Earlier today Loblaw Co., Canada’s largest grocery chain announced they will buy Shoppers Drug Mart, Canada’s largest pharmacy chain.
The executive chairman of Loblaw (L:TSE,) Galen Weston, said this would create opportunities for brands from the two chains to appear in each other’s stores, and that the merger would give Loblaw greater buying power for health and wellness products. Not surprisingly Shopper’s (SC:TSE) stock price shot up 24% today which puts the value of the company very close to the $12.4 billion that Loblaw Co. is willing to pay for it. Shoppers own 1242 stores so on average each store is being bought for $10 million. No store closures are planned at this point.
Loblaw shares also went higher today. Normally when mergers are announced the larger company doing the purchasing loses some value in the short term because they are overpaying. But in this case the synergy works so well that both companies are looking to profit from this deal :0) Loblaw says they will save $300 million a year through efficiencies like by introducing their President’s Choice products into Shopper’s stores. Loblaws stock ended the day up $2.58 per share (5.43%) which adds about $725 million to the company’s market cap. The combined premium for both stores value is about $3 billion. So that’s like a 10% annual rate of return :0)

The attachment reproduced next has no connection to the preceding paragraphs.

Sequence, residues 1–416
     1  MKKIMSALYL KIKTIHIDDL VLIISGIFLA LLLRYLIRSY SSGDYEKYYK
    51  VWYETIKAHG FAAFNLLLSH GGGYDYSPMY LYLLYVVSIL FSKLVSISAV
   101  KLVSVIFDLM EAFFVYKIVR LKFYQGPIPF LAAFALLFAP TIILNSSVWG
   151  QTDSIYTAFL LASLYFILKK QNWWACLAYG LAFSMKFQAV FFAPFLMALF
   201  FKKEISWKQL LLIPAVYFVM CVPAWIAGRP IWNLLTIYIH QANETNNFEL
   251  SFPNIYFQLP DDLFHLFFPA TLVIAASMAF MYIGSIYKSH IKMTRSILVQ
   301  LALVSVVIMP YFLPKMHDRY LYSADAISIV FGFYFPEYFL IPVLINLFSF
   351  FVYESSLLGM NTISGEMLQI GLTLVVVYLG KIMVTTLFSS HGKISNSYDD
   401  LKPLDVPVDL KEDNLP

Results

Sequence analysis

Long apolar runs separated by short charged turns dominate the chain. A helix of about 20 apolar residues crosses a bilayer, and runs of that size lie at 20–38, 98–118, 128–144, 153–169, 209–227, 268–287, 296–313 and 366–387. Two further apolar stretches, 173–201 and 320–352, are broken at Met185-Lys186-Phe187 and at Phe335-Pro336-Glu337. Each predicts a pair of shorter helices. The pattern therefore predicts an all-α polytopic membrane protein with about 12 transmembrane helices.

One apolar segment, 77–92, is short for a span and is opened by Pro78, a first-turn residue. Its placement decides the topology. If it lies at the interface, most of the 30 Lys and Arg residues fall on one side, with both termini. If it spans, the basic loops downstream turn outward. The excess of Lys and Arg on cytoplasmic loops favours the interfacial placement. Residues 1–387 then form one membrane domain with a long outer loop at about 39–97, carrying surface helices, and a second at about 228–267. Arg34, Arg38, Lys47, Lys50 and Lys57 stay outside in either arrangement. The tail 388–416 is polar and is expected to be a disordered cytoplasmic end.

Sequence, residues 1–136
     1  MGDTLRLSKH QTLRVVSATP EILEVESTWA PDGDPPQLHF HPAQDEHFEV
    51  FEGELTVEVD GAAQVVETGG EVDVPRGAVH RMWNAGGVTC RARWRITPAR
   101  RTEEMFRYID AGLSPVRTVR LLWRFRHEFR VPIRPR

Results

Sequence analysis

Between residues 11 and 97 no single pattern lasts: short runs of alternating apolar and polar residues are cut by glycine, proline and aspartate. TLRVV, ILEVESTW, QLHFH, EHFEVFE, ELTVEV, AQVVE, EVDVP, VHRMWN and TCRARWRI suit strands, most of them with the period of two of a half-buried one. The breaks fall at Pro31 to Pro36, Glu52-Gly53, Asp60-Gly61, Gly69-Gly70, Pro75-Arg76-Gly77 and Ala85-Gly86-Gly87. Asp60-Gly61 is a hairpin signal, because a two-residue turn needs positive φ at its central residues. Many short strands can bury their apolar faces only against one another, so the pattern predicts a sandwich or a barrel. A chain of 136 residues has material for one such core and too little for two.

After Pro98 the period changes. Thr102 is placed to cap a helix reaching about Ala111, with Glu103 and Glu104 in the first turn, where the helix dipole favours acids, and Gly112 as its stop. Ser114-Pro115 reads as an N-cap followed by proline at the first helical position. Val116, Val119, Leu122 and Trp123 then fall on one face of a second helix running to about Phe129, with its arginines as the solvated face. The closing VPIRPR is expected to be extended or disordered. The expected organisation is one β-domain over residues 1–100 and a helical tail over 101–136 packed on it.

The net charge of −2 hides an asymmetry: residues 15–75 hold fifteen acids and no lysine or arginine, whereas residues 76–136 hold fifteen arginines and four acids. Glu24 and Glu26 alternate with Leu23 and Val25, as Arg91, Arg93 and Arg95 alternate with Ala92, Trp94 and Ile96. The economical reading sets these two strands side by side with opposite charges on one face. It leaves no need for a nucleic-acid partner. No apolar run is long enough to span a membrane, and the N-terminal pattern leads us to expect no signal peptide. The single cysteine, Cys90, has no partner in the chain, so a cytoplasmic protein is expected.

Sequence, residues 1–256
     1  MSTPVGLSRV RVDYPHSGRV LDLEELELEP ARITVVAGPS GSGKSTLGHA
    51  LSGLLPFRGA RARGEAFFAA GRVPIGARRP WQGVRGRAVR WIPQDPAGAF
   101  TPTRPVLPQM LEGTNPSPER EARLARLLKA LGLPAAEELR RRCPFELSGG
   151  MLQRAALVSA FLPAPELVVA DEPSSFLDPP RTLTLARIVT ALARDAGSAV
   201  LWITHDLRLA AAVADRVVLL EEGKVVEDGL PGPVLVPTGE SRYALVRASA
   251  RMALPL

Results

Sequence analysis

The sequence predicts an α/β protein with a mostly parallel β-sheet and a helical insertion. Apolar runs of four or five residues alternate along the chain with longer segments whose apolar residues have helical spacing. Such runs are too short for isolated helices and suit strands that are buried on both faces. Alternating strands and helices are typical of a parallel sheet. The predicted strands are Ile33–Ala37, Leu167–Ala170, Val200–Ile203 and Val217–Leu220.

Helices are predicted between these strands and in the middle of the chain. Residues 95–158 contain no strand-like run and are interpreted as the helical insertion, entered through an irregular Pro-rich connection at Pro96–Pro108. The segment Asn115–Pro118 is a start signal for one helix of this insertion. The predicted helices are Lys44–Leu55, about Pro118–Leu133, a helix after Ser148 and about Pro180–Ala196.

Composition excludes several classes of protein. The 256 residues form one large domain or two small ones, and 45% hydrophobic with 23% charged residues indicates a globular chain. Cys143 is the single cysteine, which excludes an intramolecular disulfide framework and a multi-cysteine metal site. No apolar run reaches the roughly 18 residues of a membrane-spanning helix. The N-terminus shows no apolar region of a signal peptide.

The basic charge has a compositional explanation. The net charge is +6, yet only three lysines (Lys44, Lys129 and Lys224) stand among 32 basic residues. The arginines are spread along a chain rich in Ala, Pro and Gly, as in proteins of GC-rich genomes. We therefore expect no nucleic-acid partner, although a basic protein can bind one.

I don’t own either company yet, but now I’m thinking about buying some Loblaw because last year the combined revenue of L and SC was $42 billion but with this new merger I think they should be able to make at least 10% more per year. They will also have more buying power to lower their input costs like buying from manufacturers.
Here are some opinions from random people on the internet regarding this merger 🙂
- “I hope this means Shoppers prices will decrease with the power of a big supplier through Loblaws. I buy medication that is non prescription, and it usually costs more at Shoppers than other drug stores right now.”